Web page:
Update on FCP Commitments


  • Policy commitment 1 – Maintaining natural forest in our pulpwood suppliers’ concession areas

APP has taken actions to maintain natural forest within APP’s concession areas. In end 2014, APP has started to develop integrated forest protection and security system. Identification of risks was carried out across APP’s concessions and the result is incorporated into risk threat maps. Based on this result, suppliers developed and submitted draft of strategies and action plan to APP. The implementation of protection and security management plans has also started for some suppliers in Riau and the South Sumatra/MUBA regions. Others are still in the process of revising their plans.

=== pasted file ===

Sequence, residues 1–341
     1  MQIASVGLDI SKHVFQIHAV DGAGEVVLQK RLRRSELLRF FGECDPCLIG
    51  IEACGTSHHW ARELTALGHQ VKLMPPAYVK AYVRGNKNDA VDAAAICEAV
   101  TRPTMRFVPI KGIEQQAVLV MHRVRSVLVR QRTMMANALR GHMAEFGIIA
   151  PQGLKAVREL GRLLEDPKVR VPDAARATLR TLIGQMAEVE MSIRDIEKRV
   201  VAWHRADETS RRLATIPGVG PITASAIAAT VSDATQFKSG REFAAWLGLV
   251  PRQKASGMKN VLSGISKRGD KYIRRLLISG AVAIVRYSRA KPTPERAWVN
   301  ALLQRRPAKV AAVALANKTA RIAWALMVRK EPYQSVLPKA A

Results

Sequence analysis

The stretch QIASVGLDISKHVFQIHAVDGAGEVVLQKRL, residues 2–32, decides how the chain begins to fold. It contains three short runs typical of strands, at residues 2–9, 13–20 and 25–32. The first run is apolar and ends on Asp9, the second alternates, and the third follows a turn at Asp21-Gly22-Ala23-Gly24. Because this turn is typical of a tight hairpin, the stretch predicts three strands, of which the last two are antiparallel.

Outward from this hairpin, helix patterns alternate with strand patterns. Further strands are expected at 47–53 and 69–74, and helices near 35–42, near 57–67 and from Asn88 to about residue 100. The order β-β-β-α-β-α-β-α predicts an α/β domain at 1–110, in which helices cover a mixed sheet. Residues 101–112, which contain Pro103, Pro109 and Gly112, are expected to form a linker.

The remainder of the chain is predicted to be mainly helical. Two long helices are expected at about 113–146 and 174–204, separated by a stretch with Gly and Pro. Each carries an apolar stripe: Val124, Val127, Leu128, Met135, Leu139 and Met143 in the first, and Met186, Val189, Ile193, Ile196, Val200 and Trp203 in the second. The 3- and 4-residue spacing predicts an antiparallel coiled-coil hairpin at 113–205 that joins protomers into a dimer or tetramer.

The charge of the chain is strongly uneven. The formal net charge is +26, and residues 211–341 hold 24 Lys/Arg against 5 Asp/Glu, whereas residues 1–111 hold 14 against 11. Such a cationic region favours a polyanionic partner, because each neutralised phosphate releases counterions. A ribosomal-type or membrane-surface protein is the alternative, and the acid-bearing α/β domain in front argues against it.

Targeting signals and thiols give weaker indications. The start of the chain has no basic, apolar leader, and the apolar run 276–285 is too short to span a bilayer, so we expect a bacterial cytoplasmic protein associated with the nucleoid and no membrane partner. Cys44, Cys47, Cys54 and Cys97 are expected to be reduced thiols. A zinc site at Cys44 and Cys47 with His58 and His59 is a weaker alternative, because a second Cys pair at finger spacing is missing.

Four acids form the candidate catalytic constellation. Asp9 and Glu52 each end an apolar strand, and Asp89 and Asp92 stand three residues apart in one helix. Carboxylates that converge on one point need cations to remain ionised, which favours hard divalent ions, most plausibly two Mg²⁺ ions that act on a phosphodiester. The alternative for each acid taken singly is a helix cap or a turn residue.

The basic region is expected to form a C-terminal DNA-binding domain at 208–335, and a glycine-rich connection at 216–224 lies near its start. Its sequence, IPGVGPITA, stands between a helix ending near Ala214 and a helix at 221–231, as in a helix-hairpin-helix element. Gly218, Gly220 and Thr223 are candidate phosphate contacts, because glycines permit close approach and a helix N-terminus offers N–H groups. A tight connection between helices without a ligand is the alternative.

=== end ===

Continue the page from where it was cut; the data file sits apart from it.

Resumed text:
APP has shown positive efforts in maintaining natural forest in their suppliers’ concession area. However, over the last few months, recent incidents caused by El Nino (Fires in 2015) have become a wake-up call for all of us. Despite of the effort taken, APP still has not have sufficient ability for adaptation or mitigation. The lessons learned are that APP needs good law governance, strong law enforcement, early detection technology and ability, as well as collaborative effort for prevention and to tackle future incidents.

Until now, APP has taken measures that focuses on collaborative prevention, early detection and rapid response. APP should also encourage good land governance and law enforcement.


  • Policy commitment 2 – Peatland management

Theory on peatland best management practices thrives in temperate regions, but is less developed in tropical regions. In other words the theory development in tropical regions is not as fast as in temperate regions. Scientific based information often results in inept decisions, both at land governance and land utilisation levels.